“A friend is one who knows you and loves you just the same.”
To quote a personal hero: “I don’t understand people who have one drink. I don’t understand people who leave half a glass of wine on the table. I don’t understand people who say they’ve had enough. How can you have enough of feeling like this? How can you not want to feel like this longer? My brain works differently.”
My very best friend in the world is a man I greatly admire, that man was once a boy. But even then he was my greatest source of inspiration. That man is no longer with us because of one stupid mistake; one flaw in his being that ruined everything.
I was only twelve years old and jumping up and down on a big bed. As a terribly sleazy song came to a close the adults in the room started applauding. They all sat on little stools and desk chairs, laughing out loud as they clapped.
Next to me was my best friend. His hazel curls dancing around his face as he danced. That was the moment he taught me what it is like to be admired and I never forgot. We belted out the final words to the song as our parents clapped even louder. Afterwards we all went downstairs and received a small amount of champagne in an incredibly tall glass; as that is what superstars drink according to my friend’s parents.
My best friend tapped me on the shoulder and gestured to the kitchen. I followed him without a word or our parents noticing. The dark green bottle with the golden label stood on the counter just within our grasp. He put his glass to his lips and poured the remainder of the golden liquid down his throat. Then he nodded at me, as if he gave me permission to do the same. The bitter taste made my throat tingle and my eyes water.
There we sat, on a rusty park bench. His long curls cropped short, my short hair grown down to my shoulders. Our parents, as they were in that kitchen years ago, were absent. He seemed unable to look at me as I recounted our wild adventures. I spoke of his brilliant plans and my complete trust, my oblivion, his guilt and our absolute devotion.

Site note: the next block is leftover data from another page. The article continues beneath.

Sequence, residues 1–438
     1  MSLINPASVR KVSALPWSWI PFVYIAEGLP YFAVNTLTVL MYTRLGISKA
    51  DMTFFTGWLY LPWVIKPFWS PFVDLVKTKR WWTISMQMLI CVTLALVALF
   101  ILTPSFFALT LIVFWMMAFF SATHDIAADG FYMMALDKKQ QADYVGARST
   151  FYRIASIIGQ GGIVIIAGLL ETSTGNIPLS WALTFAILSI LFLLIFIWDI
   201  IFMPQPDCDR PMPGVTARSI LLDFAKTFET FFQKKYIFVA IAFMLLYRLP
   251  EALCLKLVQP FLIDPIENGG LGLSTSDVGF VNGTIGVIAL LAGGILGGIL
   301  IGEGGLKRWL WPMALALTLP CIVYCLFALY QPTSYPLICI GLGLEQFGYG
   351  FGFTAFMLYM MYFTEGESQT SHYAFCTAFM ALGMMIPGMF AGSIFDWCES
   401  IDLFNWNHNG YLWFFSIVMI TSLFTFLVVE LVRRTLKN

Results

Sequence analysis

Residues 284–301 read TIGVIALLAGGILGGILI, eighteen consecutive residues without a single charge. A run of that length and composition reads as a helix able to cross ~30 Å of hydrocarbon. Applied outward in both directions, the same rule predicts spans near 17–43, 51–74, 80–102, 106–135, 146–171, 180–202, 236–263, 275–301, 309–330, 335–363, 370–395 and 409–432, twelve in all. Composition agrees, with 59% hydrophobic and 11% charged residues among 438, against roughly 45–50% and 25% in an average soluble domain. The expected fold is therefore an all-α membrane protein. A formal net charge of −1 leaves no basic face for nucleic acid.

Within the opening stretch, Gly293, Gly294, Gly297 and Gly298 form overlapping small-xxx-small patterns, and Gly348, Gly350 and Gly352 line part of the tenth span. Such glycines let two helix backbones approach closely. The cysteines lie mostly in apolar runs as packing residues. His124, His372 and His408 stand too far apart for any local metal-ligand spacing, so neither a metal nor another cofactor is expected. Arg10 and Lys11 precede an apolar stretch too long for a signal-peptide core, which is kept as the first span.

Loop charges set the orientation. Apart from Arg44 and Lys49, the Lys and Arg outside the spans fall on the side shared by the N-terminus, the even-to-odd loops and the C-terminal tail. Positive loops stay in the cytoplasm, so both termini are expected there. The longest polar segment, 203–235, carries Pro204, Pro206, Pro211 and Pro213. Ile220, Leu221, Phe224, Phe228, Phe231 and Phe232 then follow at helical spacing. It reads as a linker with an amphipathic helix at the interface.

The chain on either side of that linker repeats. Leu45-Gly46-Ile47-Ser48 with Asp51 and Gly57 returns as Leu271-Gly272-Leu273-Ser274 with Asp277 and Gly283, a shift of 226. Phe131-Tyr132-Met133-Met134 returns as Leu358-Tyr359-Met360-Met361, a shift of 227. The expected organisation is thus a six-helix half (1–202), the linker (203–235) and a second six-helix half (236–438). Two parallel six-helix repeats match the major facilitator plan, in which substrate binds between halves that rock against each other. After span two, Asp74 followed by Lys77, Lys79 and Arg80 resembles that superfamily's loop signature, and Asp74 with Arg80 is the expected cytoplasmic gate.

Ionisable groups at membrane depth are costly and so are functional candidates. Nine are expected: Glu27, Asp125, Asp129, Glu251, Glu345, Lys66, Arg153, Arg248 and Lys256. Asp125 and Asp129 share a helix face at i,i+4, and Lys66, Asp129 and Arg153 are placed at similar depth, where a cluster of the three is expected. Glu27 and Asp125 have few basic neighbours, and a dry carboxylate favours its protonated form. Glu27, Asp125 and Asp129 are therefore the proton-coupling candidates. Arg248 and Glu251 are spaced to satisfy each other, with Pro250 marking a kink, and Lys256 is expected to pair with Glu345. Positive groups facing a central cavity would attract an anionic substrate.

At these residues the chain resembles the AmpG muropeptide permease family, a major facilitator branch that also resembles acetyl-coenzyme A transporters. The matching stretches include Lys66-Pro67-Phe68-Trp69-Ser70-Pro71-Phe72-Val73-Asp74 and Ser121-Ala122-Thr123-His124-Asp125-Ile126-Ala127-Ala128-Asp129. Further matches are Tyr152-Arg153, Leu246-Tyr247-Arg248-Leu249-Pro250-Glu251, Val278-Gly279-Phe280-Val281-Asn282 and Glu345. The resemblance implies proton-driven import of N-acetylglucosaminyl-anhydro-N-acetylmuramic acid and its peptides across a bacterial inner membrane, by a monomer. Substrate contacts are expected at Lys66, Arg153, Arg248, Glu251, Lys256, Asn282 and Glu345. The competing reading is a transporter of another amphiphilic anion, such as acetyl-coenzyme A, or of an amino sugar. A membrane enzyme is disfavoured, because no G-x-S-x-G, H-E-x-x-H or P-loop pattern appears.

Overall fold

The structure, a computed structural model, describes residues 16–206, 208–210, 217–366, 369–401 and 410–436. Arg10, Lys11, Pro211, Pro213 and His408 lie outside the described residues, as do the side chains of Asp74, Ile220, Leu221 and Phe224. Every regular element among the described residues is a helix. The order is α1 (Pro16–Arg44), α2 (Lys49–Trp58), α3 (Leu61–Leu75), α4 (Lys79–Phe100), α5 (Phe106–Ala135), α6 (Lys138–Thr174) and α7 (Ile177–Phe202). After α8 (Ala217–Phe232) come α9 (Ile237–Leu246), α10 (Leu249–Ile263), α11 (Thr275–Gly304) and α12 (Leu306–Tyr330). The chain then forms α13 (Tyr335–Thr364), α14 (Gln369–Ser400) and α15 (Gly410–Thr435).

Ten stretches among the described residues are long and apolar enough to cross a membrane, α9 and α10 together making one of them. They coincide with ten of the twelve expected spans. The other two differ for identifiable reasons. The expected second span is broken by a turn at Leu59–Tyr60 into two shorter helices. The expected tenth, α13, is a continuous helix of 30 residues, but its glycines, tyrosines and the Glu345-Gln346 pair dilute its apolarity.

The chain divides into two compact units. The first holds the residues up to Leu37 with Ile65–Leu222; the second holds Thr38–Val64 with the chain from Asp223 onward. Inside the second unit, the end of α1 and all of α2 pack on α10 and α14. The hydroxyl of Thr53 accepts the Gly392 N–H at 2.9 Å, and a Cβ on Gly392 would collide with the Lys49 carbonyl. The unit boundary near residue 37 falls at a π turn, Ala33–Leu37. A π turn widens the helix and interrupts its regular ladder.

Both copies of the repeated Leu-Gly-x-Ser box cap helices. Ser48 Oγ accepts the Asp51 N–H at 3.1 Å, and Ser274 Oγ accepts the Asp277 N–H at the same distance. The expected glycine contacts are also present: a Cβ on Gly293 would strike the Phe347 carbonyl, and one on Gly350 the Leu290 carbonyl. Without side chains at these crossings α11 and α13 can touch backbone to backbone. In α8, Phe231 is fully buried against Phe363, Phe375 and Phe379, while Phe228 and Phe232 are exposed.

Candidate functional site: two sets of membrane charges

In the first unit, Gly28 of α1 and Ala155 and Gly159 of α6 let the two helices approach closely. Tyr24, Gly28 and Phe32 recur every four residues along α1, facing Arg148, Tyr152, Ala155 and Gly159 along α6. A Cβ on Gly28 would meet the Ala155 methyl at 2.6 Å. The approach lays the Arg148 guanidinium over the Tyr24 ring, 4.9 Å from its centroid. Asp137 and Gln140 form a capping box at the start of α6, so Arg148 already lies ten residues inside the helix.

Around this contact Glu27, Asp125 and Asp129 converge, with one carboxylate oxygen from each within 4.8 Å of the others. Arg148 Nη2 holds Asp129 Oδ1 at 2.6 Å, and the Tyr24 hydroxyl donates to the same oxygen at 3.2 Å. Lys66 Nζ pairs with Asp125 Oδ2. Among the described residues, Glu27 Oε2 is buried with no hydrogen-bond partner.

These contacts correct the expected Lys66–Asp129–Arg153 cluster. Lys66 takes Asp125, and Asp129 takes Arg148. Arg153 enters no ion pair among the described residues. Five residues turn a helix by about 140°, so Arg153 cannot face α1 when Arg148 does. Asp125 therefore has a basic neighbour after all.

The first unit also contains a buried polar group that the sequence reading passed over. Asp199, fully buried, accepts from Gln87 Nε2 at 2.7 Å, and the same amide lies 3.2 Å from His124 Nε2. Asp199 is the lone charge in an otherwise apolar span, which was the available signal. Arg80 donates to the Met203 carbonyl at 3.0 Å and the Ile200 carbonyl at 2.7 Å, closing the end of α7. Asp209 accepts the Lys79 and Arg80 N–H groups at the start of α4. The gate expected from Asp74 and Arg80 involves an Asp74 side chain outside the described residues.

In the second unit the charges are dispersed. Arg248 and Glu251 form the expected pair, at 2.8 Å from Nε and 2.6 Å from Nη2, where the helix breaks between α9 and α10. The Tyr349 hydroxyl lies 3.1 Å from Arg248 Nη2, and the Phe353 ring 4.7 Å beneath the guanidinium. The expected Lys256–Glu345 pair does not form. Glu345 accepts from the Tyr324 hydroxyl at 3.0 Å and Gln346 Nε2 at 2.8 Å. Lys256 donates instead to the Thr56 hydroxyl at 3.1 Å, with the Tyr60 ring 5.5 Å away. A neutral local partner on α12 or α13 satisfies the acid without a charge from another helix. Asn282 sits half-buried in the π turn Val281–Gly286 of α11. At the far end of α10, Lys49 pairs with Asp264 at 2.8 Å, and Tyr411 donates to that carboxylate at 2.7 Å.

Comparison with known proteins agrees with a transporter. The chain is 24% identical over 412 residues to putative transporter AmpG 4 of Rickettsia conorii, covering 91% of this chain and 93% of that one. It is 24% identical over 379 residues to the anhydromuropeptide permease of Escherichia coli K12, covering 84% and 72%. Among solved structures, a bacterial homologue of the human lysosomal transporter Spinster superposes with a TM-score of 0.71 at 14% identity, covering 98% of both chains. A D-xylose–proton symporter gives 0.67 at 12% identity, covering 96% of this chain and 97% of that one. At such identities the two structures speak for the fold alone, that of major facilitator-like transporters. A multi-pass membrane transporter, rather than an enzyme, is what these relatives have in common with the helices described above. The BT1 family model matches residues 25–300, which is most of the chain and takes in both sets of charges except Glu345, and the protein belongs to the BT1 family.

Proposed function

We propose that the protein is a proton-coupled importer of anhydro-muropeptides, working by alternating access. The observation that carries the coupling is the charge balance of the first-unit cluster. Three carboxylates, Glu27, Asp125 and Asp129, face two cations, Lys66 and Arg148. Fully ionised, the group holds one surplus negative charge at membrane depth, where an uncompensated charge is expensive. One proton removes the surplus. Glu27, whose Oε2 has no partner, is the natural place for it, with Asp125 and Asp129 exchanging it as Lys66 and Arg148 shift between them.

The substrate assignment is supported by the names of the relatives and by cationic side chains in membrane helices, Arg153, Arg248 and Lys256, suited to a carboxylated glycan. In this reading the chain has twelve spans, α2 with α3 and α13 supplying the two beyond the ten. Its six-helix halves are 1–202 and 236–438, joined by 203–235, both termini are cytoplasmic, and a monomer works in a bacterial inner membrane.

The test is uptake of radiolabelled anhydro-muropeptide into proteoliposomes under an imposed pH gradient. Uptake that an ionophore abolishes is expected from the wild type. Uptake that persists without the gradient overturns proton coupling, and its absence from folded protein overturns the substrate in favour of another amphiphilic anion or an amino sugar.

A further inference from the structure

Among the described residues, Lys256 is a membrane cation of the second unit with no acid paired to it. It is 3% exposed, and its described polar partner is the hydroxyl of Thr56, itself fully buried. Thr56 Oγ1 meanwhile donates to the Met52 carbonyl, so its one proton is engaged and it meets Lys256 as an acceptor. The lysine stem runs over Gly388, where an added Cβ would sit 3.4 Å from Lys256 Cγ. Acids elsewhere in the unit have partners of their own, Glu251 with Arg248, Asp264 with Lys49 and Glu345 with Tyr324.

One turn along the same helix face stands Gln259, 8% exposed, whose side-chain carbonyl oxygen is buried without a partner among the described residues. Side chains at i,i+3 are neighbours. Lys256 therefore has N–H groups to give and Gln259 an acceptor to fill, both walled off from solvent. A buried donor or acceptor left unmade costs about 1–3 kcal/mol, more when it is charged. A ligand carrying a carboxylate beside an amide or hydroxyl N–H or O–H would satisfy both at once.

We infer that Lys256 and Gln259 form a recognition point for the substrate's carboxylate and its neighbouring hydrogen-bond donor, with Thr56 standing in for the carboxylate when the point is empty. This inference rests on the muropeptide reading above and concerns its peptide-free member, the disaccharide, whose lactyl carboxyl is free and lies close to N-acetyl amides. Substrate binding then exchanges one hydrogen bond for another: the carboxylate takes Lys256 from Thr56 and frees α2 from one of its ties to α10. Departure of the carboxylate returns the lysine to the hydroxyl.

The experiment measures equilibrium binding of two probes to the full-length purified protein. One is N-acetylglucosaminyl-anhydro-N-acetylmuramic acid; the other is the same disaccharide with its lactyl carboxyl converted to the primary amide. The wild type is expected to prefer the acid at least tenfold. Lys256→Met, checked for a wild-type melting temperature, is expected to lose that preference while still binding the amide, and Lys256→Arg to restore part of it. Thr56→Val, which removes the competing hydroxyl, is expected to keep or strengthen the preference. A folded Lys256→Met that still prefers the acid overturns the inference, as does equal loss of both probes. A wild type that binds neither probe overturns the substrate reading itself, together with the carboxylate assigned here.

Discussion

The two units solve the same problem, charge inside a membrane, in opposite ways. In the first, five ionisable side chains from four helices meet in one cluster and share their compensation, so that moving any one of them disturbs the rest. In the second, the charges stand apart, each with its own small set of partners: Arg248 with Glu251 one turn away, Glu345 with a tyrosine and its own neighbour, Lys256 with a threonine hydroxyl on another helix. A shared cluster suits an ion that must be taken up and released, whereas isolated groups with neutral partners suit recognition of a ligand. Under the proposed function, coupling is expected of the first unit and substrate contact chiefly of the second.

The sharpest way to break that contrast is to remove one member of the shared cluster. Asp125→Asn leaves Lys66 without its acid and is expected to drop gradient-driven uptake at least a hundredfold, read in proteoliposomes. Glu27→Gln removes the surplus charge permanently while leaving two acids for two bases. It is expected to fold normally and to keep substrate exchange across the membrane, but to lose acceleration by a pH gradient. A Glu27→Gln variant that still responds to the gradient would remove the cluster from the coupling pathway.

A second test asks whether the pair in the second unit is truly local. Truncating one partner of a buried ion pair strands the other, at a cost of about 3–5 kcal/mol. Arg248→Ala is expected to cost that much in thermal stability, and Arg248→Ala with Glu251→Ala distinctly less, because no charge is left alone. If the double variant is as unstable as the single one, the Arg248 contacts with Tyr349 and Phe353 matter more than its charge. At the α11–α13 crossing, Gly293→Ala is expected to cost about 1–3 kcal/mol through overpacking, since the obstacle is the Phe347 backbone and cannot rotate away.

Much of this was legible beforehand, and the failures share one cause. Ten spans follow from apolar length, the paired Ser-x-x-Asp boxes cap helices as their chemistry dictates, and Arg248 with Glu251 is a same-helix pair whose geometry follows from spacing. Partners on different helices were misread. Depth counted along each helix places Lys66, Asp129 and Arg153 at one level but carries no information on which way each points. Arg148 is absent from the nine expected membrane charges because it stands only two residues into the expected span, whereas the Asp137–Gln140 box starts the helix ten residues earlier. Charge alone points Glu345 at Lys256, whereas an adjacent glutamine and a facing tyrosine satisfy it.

This was going to be the day of days, his seventeenth birthday! We would go out and paint the town as it has never been painted before. There we were, a club full of dancing people. His laugh took my nerves away. He walked to the bar and ordered us some vodka and coke. After we devoured these, in record time, he almost sprinted back to the bar for more. Widely smiling he handed me another drink, “Refill,” he said with a wink.
The evening ended as those kinds of evenings should: Drunk, singing at the top of our lungs on one stolen bicycle.
There we sat again, together, on that same rusty park bench outside the centre. For the same stupid reason in the same hot sun; parents still absent. Only this time we sat in complete silence. He broke the silence without looking at me as he mumbled: “sorry.” Grinning slightly I looked at him and said: “Making amends, that’s one of the steps, right? A break-through!” He grinned despite of himself and said under his breath: “We should celebrate.” I raised my hand and pretended to call a waiter over as I yelled: “Champagne!”
And, as if we were twelve years old again, we laughed ourselves to tears.